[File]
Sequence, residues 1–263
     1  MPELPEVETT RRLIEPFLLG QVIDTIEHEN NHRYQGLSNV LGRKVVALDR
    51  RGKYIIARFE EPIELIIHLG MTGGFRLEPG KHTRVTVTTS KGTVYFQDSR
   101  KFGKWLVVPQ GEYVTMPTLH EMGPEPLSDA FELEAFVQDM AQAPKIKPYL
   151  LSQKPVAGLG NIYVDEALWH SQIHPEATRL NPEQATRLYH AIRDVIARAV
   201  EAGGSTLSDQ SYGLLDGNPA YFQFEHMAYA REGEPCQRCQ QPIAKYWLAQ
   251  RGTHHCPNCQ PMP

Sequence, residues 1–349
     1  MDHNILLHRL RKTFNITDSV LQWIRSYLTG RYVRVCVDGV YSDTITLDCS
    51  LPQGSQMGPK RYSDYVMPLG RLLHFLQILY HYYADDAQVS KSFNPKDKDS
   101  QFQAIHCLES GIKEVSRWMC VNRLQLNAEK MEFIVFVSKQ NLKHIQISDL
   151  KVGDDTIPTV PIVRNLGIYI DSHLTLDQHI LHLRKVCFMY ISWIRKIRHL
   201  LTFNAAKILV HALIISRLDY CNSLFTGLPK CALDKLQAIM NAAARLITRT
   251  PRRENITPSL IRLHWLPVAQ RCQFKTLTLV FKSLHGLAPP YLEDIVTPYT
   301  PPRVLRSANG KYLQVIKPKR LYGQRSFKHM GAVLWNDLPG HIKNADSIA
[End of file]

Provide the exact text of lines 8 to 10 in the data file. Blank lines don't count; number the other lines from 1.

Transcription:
Sequence, residues 1–349
     1  MDHNILLHRL RKTFNITDSV LQWIRSYLTG RYVRVCVDGV YSDTITLDCS
    51  LPQGSQMGPK RYSDYVMPLG RLLHFLQILY HYYADDAQVS KSFNPKDKDS